401k plans are retirements plans set up through your employer. Money is deducted from your paycheck and sent to your 401k plan account. That money is then invested. When you retire, you may withdraw funds directly from your 401k plan. But you may want to know how much money you'll need so that you can live comfortably.
To identify how much money you need, you must add up all of the expenses that you expect to incur annually after you retire. The sum of all of your expenses is the dollar amount you need to withdraw from your 401k plan.
Contact your plan administrator. Request a distribution form. Make a partial distribution from your 401k plan in the amount that you need to withdraw for the year to cover your annual expenses. The administrator will process your request and send you the amount of money indicated on your distribution request form.
By withdrawing money from your 401k plan, instead of rolling the money over to an IRA and then making withdrawals, you are retaining the benefits of working with the plan administrator you have become accustomed to. You don't need to move your money to another account, so there is less paperwork involved in accessing your retirement funds and setting them up for distribution.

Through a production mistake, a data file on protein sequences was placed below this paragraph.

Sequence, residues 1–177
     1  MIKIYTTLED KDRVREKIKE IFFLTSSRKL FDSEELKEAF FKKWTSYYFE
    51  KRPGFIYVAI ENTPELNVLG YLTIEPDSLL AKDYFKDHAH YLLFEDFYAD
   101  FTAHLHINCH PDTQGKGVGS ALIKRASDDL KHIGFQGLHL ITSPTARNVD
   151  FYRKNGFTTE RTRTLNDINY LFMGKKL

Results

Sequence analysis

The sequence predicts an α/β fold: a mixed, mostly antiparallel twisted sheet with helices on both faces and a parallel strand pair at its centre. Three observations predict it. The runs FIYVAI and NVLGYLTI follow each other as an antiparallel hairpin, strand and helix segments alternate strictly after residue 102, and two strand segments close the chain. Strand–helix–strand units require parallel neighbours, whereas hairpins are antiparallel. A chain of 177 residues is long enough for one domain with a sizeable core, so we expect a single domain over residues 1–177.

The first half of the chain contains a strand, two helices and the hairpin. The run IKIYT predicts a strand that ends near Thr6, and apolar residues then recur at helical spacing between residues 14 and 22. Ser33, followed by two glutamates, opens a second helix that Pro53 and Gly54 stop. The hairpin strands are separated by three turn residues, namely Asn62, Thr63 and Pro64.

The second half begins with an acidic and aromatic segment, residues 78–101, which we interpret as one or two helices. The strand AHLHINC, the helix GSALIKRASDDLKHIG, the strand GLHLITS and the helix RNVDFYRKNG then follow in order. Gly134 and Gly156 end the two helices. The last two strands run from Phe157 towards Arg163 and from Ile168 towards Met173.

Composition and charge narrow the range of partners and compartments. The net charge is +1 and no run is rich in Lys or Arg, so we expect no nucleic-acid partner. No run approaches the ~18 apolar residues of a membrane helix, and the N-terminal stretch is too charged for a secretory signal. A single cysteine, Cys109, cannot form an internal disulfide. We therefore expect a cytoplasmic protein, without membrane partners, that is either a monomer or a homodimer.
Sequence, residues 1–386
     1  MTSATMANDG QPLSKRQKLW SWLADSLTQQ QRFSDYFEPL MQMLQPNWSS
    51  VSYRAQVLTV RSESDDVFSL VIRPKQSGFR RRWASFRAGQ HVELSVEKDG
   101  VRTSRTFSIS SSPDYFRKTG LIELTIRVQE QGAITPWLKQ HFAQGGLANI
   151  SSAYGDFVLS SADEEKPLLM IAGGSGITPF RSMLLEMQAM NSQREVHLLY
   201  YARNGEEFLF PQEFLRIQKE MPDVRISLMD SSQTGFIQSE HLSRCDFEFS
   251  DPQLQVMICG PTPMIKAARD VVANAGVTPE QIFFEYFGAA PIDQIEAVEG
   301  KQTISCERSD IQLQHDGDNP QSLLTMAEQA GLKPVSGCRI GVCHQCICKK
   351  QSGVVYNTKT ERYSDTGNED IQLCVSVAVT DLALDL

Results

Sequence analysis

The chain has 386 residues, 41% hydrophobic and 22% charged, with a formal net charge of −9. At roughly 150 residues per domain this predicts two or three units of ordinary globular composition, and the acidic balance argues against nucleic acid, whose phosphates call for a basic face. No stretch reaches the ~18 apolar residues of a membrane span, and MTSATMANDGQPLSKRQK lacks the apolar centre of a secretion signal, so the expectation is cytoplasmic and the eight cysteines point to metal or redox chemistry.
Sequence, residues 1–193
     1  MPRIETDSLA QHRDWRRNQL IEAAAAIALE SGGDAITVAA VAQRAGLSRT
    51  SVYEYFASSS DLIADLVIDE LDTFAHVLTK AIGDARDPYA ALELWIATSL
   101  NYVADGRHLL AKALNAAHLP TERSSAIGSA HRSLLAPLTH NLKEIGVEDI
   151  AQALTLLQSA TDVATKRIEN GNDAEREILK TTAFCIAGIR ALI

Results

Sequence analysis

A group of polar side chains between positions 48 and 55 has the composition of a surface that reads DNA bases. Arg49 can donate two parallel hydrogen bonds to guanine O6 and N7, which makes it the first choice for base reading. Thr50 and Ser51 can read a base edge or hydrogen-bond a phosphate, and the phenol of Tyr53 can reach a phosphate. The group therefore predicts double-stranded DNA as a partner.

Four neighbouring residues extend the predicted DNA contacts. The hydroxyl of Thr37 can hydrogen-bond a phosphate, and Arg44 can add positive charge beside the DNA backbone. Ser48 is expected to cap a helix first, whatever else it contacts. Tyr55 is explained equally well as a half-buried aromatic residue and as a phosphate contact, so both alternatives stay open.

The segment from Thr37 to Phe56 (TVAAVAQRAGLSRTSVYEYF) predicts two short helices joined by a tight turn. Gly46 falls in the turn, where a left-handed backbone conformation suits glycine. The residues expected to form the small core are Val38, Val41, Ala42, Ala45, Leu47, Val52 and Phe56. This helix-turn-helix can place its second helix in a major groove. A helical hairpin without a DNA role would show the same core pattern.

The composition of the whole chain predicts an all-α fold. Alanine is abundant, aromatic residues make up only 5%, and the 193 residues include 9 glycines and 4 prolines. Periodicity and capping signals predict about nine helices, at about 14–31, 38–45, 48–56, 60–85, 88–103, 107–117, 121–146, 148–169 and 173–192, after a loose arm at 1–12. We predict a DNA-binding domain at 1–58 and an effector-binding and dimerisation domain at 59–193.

401k plans generally invest in mutual funds. Because of this, you could end up withdrawing part of your principal dollar amount if your investments perform poorly. This could leave you with a declining retirement income over time. Ultimately, you may run out of money prior to your death.
You may want to consider using an insurance company to help you distribute your 401k funds. However, if you do, you'll need to move your 401k plan to an IRA with an insurer. Then, you must convert your savings to annuity payments. Once you do, you will lose access to your savings but will have the option to receive a guaranteed an income for the rest of your life or for a set period of time.
- "Practicing Financial Planning for Professionals (Practitioners' Edition), 10th Edition"; Sid Mittra, Anandi P. Sahu, Robert A Crane; 2007